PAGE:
Cruz-Behag, Baron, and Fajardo sneak in and relive childhood memories.
Majoy Baron and Kim Fajardo relished the chance to have their ate, the comebacking Cha Cruz-Behag, try something she had never tried before.
"Nag-trespassing kami kasi kukuhanan namin ng aratilis si Ate Cha, kasi 'di pa niya nata-try," Baron said in a video posted on TikTok. "Kasi lason daw."
It took a few minutes for the F2 Logistics Cargo Movers teammates to pick the fruits since Fajardo was apparently too short.
"Kinakain nga ba talaga 'to?" asked the 34-year-old Cruz-Behag, eyeing the small red-orangey fruit handed to her.
Baron didn't help matters and joked, "Magpaalam ka na."
"Anak," Cruz-Behag said, facing Baron. "Pakita mo 'to sa anak ko."
"Pinatay ako ng ninang mo," she said before they all burst into laughter.
She ate the fruit and expressed how sweet it was.
Aratilis is also known as aratiles or mansanitas in the Visayas. Some may know it as a Jamaican cherry. It is scientifically called Muntingia calabura, and thrives in Southeast Asia and Latin America.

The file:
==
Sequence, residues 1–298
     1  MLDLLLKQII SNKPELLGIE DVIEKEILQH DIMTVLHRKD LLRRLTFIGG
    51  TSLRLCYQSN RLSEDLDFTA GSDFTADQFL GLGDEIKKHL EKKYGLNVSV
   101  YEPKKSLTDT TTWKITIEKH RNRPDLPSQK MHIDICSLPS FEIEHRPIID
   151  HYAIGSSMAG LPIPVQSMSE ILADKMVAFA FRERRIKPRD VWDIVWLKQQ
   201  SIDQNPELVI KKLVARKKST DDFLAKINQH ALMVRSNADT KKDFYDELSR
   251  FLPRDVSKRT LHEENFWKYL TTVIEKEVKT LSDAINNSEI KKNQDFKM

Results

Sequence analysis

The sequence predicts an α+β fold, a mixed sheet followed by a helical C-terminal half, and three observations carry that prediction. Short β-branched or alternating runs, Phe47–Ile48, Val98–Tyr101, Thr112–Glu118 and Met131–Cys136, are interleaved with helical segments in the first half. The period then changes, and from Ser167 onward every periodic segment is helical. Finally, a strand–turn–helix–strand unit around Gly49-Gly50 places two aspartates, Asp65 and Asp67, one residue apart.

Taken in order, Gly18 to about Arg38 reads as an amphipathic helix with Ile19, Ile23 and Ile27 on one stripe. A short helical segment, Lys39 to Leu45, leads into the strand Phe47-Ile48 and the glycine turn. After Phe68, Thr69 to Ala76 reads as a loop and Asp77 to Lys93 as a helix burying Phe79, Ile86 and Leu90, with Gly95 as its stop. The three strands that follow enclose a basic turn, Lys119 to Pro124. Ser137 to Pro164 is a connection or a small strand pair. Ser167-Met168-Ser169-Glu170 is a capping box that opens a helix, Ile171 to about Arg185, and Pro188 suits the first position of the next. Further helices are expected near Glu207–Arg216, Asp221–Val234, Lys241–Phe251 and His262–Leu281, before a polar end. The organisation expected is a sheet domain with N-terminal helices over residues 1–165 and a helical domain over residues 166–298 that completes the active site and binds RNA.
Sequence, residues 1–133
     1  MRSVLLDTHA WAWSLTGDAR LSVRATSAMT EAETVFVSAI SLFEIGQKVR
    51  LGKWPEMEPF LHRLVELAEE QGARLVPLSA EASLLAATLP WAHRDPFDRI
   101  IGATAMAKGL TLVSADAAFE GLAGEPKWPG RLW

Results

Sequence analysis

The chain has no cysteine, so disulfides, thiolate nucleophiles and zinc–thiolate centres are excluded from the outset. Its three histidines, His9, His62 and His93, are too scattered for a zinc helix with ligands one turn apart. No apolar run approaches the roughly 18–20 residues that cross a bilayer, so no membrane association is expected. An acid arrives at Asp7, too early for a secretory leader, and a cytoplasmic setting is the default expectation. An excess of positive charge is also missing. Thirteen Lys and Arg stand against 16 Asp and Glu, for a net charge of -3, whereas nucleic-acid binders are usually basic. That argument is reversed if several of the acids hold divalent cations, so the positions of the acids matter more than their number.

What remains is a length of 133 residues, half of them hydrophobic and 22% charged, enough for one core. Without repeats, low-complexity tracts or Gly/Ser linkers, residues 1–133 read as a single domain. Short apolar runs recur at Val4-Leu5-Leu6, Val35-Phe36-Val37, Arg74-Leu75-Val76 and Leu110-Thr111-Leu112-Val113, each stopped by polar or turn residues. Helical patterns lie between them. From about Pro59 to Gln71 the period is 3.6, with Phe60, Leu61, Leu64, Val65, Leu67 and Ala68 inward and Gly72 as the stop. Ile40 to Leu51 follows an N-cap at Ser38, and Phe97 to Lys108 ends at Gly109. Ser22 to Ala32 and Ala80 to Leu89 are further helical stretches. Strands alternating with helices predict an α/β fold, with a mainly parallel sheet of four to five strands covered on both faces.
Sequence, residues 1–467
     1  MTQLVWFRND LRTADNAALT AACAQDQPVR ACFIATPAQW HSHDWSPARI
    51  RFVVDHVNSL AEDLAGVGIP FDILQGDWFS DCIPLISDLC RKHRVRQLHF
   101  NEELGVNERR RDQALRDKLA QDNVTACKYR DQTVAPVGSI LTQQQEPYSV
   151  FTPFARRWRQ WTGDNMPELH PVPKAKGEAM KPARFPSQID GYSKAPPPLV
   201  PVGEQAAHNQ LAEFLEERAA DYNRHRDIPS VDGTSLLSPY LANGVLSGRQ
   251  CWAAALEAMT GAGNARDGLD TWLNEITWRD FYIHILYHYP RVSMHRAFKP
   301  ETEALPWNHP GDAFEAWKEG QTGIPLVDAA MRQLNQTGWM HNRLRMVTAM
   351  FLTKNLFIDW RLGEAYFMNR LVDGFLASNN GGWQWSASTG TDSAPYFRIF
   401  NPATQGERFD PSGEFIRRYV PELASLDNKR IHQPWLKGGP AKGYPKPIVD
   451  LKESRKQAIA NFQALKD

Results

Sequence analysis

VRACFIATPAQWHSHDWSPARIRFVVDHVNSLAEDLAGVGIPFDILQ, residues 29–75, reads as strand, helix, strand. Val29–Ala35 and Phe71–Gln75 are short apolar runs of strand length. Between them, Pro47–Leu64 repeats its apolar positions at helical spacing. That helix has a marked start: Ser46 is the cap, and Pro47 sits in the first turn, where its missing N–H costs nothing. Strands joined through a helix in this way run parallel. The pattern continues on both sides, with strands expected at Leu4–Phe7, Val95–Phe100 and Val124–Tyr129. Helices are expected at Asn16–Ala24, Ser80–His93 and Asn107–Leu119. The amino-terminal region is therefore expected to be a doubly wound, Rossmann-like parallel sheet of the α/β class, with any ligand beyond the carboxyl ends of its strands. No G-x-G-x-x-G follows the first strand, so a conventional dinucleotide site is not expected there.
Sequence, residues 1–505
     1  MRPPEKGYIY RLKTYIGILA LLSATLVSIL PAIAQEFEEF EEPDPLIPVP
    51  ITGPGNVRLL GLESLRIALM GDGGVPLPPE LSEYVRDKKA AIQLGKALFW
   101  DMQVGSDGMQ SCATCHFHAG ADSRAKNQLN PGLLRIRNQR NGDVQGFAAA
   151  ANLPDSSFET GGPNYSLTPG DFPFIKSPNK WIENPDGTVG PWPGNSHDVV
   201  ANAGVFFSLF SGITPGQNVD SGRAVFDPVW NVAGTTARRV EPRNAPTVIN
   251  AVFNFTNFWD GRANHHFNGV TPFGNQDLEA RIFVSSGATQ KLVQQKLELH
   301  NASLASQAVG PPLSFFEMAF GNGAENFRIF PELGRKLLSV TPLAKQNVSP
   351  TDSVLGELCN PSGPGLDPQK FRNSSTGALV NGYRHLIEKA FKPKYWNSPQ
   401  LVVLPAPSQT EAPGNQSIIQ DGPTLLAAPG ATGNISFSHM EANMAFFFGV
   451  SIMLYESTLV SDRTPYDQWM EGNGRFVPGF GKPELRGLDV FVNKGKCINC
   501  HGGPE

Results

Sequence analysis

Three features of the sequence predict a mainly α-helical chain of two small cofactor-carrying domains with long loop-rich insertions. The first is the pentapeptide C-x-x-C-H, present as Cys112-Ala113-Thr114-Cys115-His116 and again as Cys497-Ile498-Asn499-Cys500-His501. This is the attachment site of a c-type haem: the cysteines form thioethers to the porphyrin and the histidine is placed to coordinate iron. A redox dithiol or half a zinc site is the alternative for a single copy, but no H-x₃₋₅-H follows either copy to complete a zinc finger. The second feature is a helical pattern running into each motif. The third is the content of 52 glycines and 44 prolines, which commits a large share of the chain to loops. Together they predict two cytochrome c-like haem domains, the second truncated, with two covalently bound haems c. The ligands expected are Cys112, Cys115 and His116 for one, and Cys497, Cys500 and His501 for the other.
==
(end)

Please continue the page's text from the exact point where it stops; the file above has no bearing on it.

Aratilis is actually used as traditional medicine. Boiling the leaves for tea is used to treat diarrhea and vomiting, according to Anvil's Mga Halamang Gamot sa Pilipinas.
A study shared by PubMed from the United States National Library of Medicine showed how Filipinos also used the flowers to treat headaches and cold. Peruvians also boiled the leaves for gastric ulcer, while the flowers and bark were used to reduce swelling in the lower extremities.
So where did the poison and toxicity claims come from?
There have been reports that alkaloid and oxalate content in the fruit could be toxic—but a paper that looked at all of those toxicity studies concluded that "overall, M. calabura leaves and fruits are safe for oral consumption up to a dose of 2000 mg/kg."
In short, it's sweet, it tastes like cotton candy, and it's safe. Just don't eat too much.